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French letters — Wallpaper*, janvier 2011. [en.]

A new book on Roger Excoffon tells the story of the man who made French typography soar

Graphically, France looks a lot like it does because of Roger Excoffon. Not only did he create the iconic logo for Air France, but his touch is there in just about every town square. Look at the signs above the boulangerie, the coiffeur and the parfumerie — many will be set in Excoffon’s confident typefaces; there’s no generic Arial here.

As France in the 1930s was defined by the graphic design of Cassandre and art deco, so in the 1950s and the 1960s, Excoffon was the designer of choice. His posters and other graphic works have a unique vibrancy and drama. While Cassandre’s work was studied and perfectly crafted, Excoffon’s is spontaneous, full of movement. Yet, like the man, it is built on discipline, study and practice.

Excoffon was born into a wealthy Marseilles family in 1910 and was expected to follow his father into the law. He spent his twenties in Paris, where he began to paint. This might have remained a hobby, except that Excoffon’s sister had married Marcel Olive, a young, ambitious man who ran the family business, the type foundry Olive. With a young family to support, Excoffon turned to designing letters. Type design has always been the most intense and serious of the graphic arts, but Excoffon’s painterly background meant there was a fluidity to his style.

Excoffon made type design sexy and, in terms of creativity and daring, he was closer to Yves Saint Laurent that the average type designer. His designs were joyful and exciting in the drab post-war years. While his first design, Chambord, was tentative, he began to assert himself whith his work on Vendôme. Though it was created by François Ganeau, a stage designer, Excoffon effectively art directed this beautiful Garamond-style typeface, perfectly suited for any fine bottle of French wine. While Garamond could be static and reserved, Vendôme is sharp, angular and daring.

In Excoffon’s own designs, the rapid movement of his brush is somehow caught in static type. In his first groundbreaking design, Banco (1951), each letter is formed by the minimal number of sharp and dramatic brushstrokes required. It looks like is has been drawn with the broad stroke of a marker, not unlike the mark of a modern graffiti artist. Immediately, is became one of the definitive typefaces of the era.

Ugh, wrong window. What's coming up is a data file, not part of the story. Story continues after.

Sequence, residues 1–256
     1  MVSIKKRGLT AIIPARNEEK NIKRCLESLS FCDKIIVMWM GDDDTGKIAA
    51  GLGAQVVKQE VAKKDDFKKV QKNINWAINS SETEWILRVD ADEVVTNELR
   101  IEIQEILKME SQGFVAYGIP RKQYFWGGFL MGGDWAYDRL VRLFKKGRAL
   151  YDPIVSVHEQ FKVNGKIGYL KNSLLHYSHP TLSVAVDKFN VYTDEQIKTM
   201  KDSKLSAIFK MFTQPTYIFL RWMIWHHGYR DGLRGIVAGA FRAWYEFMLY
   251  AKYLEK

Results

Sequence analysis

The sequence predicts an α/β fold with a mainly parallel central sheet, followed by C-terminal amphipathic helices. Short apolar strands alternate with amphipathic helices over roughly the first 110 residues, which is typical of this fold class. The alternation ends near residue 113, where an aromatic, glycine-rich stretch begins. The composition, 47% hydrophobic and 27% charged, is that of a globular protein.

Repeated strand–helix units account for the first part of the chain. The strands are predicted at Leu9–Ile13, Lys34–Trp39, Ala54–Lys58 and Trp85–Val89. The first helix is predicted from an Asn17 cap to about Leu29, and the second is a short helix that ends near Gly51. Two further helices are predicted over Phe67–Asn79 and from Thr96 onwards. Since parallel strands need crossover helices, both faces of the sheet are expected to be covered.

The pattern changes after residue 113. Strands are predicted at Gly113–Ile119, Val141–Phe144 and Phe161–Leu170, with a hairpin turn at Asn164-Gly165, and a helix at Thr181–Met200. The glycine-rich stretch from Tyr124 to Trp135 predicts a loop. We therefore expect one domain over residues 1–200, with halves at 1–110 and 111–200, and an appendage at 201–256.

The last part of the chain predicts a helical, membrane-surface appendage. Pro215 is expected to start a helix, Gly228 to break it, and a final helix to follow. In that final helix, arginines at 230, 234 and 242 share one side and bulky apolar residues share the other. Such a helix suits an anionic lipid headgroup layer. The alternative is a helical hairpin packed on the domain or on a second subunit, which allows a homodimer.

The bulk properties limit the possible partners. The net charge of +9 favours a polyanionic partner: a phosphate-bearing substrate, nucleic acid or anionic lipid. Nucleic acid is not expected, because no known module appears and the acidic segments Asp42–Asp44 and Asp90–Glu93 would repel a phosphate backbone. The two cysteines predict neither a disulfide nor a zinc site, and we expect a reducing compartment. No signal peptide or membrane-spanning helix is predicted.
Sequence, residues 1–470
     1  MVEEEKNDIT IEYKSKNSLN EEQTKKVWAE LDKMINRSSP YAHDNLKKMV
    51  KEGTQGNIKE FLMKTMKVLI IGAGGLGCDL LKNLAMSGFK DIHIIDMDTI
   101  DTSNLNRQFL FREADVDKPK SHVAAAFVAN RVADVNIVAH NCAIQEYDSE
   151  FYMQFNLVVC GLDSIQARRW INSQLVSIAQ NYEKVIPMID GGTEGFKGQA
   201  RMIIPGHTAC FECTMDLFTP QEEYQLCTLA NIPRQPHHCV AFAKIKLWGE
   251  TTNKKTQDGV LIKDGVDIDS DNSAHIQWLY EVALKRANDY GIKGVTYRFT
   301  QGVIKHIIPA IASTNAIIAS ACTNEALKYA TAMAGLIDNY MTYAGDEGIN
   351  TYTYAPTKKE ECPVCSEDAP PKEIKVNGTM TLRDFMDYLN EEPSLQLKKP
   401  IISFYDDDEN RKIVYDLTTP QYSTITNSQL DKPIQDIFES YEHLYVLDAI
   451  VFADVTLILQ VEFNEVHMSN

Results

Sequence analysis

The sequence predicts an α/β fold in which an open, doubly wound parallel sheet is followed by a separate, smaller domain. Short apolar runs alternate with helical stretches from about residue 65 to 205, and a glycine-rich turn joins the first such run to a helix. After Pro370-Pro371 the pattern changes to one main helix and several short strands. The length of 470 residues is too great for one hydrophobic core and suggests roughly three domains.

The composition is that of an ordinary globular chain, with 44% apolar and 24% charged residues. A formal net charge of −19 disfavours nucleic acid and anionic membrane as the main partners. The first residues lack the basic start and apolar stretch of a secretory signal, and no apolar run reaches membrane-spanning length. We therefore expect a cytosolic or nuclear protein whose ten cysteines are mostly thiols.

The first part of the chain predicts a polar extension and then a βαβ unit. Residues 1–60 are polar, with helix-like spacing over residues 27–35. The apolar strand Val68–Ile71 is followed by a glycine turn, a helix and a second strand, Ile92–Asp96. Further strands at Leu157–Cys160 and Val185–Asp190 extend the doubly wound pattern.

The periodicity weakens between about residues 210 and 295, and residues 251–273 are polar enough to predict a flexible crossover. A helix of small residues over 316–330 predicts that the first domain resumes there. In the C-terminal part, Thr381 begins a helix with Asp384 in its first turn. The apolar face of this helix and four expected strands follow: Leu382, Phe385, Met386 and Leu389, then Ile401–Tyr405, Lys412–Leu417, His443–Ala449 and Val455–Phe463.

Two years later, Excoffon redefined the world of script letter. Previously, the market had been dominated by the careful elegance of the copperplate or the brush-like style of a poster designer. With Mistral, Excoffon created a script in part inspired by his own handwriting, but also a script that looked like the writing of the 20th century man, if that man had taste and beautiful hand. A similar mastery of the craft can be seen in perhaps the strangest of his creations, Calypso. Created from the card that had been shaped to form letters, the tonality is translated into the halftone world of dots (not unlike a piece of pop art).

Excoffon’s last type design, and his first sans serif, was the Antique Olive series. While the taste at this time for modernised 19th century designs like Univers and Helvetica, Antique Olive is truly unique. Built on extensive research into legibility, it had large ‘x’ heights and an unusual top heavy style. The series included the bold Nord font and became the largest family Excoffon created.

In 1956 he set up his own advertising agency Urbi et Orbi (major clients included the French railway and postal services) and became the art director of Air France, where he was responsible for posters, campaigns and the trademark logo. His poster for Concorde captures the joy and glamour of flight, using just a few paint strokes to illustrate movement.

The same movement can be seen in Excoffon’s outstanding set of Olympic icons for the 1968 Winter Olympics held in Grenoble. Rather than the simple stick man so beloved of later designs, his icons used a variation of strokes in simple black and white to immediately summon up the drama of sport.

By the time of his death in 1983, France had grown tired of the mark of Excoffon. The optimism of the 1950s anf the 1960s had disappeared by the 1970sn and his letters had been downgrated from the chicest boulevards to the cheap ’stack ’em ’up hypermarchés that dot every French suburb — but even here you cound’t deny how recognisable they were, which had walways been his aim.

Thankfully, Excoffon had gradually returned to favour as fashionable young designers have helped to rebuild his reputation. Various exhibitions have been held and, cementing his place in the design firmament, a trio a young enthusiasts, Sandra Chamaret, Julien Gineste and Sébastien Morlighem, have now written a wonderful book about La Fonderie Olive and Excoffon’s work.

Paul Barnes.

Wallpaper* January 2011 issue.
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